Globalization has increased international trade by easing trade restrictions. While it has increased competition at both local and international levels, it also presents valuable opportunities to companies to expand their market size. But international experiments do not always succeed and competitive strategies that work at home may fail miserably abroad due to numerous factors such as cultural differences, lifestyle differences, income differences, and political/legal differences. One of the common mistakes companies make that lead to global business failure is not taking into account the differences in customers’ preferences. Often companies overestimate the power of their brands and believe that customers will embrace their products everywhere due to brand perceptions. Even a company like Apple has been guilty of making this mistake when it introduced iPhone in China. On the other hand, BMW took the local preferences into account by offering extending legroom in its 5 Series line and is now a major player in China .
Another mistake companies make that lead to global business failure is not understanding local cultural perceptions. Different cultures have different value systems and definitions of success, happiness, and attractiveness etc. This lack of understanding may result in companies sending confusing messages to the local customers or sending messages or images that may even create negative goodwill. Some cultures like China prefer local elements while others like Japan may be more open to Western elements in certain products such as fashion accessories.
There are several strategies companies seeking international expansion may adopt to reduce the likelihood of a business failure in international markets. The first strategy may be to do comprehensive research on local market conditions and opportunities before entering the market. This will help the company build more effective competitive strategy by taking into account unique local characteristics. A company could achieve the research task on its own or may hire a research/consulting company with country expertise. A second strategy may be to enter on a small-scale and expand gradually as the company learns more about local conditions and learns from its mistakes. The benefit of this strategy is that it will ensure that any mistakes made do not turn out to be so expensive that they may threaten the entire operation in the country. The third strategy is to get into partnership with a local company. The benefit of this strategy is that the local company may already be familiar with local trends and conditions and in addition, it may also have valuable distribution network.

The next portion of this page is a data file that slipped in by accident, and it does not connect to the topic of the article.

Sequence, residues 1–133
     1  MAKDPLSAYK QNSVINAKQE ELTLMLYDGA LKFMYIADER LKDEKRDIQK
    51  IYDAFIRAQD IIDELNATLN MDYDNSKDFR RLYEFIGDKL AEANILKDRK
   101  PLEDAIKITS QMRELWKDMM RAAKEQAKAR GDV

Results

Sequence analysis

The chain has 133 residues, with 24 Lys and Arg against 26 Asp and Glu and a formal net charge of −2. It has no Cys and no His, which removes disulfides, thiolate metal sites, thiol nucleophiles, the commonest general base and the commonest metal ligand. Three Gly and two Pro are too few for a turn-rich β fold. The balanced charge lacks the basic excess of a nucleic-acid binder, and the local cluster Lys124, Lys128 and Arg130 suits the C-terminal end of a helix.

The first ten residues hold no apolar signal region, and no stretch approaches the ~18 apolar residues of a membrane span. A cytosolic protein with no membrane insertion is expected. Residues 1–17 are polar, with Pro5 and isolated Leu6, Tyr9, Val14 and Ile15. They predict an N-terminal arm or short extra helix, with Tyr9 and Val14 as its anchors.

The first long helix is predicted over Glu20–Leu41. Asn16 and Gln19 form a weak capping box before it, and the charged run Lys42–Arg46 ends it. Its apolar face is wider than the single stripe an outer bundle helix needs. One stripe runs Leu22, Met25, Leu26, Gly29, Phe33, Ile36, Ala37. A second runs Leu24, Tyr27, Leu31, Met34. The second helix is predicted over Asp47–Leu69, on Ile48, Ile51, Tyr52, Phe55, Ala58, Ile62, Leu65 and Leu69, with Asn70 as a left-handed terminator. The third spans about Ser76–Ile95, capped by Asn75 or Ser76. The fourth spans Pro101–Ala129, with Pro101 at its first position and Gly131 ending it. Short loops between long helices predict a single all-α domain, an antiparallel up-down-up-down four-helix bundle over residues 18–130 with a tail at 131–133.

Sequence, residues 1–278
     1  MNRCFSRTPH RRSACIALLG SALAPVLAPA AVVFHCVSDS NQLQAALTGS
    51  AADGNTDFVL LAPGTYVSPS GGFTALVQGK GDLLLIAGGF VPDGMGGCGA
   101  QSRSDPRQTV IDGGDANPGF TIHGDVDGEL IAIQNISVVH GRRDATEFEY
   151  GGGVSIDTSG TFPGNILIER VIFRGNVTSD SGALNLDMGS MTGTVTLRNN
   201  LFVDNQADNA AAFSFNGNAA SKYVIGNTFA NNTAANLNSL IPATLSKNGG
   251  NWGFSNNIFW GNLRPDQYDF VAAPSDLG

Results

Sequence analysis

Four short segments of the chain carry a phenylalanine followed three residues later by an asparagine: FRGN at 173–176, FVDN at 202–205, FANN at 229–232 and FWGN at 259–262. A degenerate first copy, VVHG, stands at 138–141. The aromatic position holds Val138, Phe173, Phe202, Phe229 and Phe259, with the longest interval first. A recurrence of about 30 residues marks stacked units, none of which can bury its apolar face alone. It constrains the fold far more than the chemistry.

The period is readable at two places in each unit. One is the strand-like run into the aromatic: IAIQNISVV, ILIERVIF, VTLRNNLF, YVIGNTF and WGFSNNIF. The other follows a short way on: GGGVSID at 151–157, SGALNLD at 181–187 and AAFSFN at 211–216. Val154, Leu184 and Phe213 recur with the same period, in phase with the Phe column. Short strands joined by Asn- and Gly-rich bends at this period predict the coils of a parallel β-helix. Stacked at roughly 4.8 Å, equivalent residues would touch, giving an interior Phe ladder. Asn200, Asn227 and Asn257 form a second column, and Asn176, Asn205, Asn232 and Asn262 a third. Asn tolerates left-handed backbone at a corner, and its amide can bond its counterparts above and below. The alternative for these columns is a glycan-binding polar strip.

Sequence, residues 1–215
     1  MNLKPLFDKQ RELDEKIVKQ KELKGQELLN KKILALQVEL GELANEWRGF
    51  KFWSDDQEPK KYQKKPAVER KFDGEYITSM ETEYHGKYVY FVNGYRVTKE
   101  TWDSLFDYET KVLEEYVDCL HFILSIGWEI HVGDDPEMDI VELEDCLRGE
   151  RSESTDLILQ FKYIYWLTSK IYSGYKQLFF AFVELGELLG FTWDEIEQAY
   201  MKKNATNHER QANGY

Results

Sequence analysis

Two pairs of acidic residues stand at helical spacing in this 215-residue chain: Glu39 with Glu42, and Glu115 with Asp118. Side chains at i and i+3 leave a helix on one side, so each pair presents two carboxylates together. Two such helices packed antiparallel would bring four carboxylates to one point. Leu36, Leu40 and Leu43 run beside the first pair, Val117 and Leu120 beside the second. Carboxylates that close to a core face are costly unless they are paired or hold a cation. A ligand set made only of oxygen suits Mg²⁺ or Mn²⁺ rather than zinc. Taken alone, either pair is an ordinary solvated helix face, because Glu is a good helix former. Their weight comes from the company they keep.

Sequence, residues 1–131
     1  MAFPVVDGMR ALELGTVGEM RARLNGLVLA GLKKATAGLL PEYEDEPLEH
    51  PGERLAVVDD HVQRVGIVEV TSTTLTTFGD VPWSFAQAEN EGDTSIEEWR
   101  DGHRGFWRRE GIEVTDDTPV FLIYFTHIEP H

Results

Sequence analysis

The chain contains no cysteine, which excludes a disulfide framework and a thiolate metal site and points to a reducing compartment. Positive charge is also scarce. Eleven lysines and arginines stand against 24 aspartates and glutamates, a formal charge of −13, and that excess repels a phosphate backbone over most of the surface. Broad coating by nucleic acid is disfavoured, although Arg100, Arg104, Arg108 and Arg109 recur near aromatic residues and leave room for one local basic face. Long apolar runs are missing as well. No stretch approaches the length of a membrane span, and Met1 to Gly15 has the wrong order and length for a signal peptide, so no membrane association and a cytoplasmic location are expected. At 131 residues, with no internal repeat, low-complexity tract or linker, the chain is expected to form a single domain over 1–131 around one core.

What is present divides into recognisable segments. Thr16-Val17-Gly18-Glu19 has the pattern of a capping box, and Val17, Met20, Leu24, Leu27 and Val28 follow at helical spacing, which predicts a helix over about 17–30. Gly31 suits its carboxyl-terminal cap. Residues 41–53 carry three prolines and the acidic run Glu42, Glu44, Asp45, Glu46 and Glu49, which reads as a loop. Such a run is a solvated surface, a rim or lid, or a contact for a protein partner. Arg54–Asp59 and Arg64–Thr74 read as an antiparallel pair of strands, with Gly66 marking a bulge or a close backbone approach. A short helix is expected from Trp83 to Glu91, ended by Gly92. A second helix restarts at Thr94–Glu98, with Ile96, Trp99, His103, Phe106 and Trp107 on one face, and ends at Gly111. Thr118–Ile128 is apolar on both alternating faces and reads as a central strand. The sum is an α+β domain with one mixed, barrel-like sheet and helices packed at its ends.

If things do not work out in one or more of the international markets, the companies can take several routes to exit those particular markets. One strategy may be to sell its local operations to another company as Regis did when it sold its European hair salons business Provalliance for $105 million . There are several benefits to this strategy of exiting an international market by selling local operations. First of all, this strategy takes little time and helps the company quickly shift focus on other remaining operations. This strategy also results in quick infusion of cash. Similarly, this strategy is also often less costly than other options such as simply wounding up operations and selling assets at loss.